The new Smart Fortwo has been revealed, with its makers saying it offers the same compact dimensions but more space and equipment for around the same price.
That’s critical, because the Smart has long been an also-ran in this class, considered by What Car?’s testers to be over-priced, too impractical and too unrefined against rivals including the Hyundai i10 and VW Up.
Consequently, in recent years it has been bought mainly by those wowed by its compact dimensions and ease of manouvrability more than any other attributes.
What is it?
The Fortwo, and its four-seat sibling the Smart Forfour, have been co-developed by Mercedes and Renault, the latter of which is using the same package for its new Renault Twingo city car. That means all three cars have an unusual, but space-efficient, rear-engined layout.
All Smarts are also built around what its maker, Mercedes, calls a ‘tridion cell’. This safety structure is made using a high proportion of hot-formed steels and multiphase steel, which are especially strong. A safety feature called Crosswind Assist is available as standard to boost stability, while forward collision warning and Lane Keeping Assist are available as options.
Crucially, the Fortwo also retains its unique 269cm length, helping it achieve a turning circle of 6.95m, making it especially practical in built up urban areas. Adding to its practicality, a 10cm increase in cabin width makes for much improved passenger comfort, and the front passenger seat folds flat as standard, helping to increase the load bay space.
The suspension set-up is also said by Smart to deliver ‘markedly improved ride comfort’, a weak point of the outgoing car. Although Smart says the standard car has been set up for comfort, buyers can specify a sports suspension package, which has stiffer springs and a 10mm lower set-up.
The interior is largely an evolution of the current Smart’s, but is also being hailed as a marked step forward over the current car’s, both for its practicality and high levels of quality, including the option of striking textiles on many surfaces. There is 360 litres of luggage space behind the Fortwo’s front seats.
Smart has also worked hard to give the Fortwo and Forfour a ‘family look’: design features including the headlamps, the front grille and the central safety cell are identical. In total, around 40 exterior colour combinations will be possible, with the options available on body panel colours and core tridion cell colours.
What engines can I choose from?
Buyers get the choice of two different three-cylinder engines at launch. The lower-powered unit is a 1.0-litre engine rated at 71bhp, with 67lb ft of pulling power.
The higher-powered, turbocharged 89bhp engine is 898cc in size, and delivers 100lb ft of pulling power.
An ultra-frugal 59bhp three-cylinder engine will follow later.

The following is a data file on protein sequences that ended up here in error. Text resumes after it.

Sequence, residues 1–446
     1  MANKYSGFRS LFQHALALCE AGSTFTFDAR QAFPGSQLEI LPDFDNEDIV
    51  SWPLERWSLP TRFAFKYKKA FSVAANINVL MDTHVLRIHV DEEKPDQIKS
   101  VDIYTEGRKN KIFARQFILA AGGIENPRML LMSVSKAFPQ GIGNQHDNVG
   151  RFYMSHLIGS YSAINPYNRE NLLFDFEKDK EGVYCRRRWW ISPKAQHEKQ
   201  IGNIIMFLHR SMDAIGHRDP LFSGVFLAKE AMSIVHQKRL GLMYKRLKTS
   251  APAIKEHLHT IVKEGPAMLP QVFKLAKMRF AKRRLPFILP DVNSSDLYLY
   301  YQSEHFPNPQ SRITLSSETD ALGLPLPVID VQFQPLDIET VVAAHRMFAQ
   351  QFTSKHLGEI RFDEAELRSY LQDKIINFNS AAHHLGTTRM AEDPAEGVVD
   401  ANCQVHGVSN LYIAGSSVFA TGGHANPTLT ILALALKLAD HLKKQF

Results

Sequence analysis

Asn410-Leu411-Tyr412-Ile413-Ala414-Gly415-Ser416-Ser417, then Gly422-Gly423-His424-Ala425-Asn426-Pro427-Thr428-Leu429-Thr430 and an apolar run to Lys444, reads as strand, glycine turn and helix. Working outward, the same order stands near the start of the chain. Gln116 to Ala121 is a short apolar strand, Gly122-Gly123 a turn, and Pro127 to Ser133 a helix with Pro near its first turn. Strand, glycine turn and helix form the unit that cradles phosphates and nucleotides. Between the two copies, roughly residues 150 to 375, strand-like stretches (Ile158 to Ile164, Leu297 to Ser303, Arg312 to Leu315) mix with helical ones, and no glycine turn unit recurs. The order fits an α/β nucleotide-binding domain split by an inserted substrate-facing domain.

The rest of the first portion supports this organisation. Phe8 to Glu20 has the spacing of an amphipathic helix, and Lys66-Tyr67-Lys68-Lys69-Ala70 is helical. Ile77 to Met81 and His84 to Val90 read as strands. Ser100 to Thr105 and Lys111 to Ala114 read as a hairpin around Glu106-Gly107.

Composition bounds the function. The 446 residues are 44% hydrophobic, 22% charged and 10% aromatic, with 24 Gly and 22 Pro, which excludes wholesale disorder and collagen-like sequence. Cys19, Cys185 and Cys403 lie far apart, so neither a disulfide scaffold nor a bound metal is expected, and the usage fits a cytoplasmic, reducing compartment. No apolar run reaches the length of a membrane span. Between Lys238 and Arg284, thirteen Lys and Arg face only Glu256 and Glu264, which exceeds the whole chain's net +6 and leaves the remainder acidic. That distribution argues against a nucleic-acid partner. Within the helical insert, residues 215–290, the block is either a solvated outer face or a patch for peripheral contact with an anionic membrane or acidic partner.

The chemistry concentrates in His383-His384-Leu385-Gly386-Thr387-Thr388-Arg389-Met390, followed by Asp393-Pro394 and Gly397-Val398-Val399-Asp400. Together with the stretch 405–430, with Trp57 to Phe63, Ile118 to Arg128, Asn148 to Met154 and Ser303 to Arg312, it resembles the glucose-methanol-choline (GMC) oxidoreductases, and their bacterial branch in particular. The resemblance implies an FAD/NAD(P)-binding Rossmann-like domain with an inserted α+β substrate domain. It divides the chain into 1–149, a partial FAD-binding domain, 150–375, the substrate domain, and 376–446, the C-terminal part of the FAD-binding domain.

All versions come with the choice of a manual five-speed gearbox or ‘twinamic’ automatic with dual clutch transmission, which is promised to be a significant improvement on the previous car's jerky 'Softouch' system.
Although Smart has yet to formally confirm it, a new Smart Fortwo electric drive is likely to be launched in 2015.
What equipment does it come with?
The Smart Fortwo will be sold in three trim levels: Passion, Prime and Proxy.
Standard kit includes LED daytime driving lights, remote central locking, immobiliser, cruise control, electric windows and a trip computer.
Although full spec information for higher models has yet to be revealed, it has been confirmed that top-spec models get kit including a 3.5-inch colour display, heated seats, smartphone integration, real-time sat-nav and a six-channel sound system.
In the UK, the lowest trim level will not be available initially, following around six months after launch.
How much will it cost?
Informed sources suggest prices will start from around £11,000 when the car goes on sale in the UK, but the arrival of the base spec car later in 2015 will lower the entry-level price to less than £10,000.
Notably, Smart officials in Europe have also indicated that switching from a Fortwo to the equivalent Forfour will involve a price rise of around only £500, with the four-seat car expected to account for around 80% of sales.
How good are its rivals?
Many will argue the Smart Fortwo is without rivals, because of its compact dimensions and two-seat layout.
However, based on likely pricing it must lure buyers away from the likes of the Hyundai i10, VW Up, Seat Mii and Skoda Citigo, all of which offer good practicality, refinement and running costs, plus a modicom of all-round ability in towns and on motorways.
Can I get a discount?
Smart has long positioned itself as a premium brand, in the mould of its parent company Mercedes-Benz. As a result, Smart has typically avoided discounting. We’d expect an expert haggler to be able to negotiate some concessions around six months after its launch at the end of 2014, however.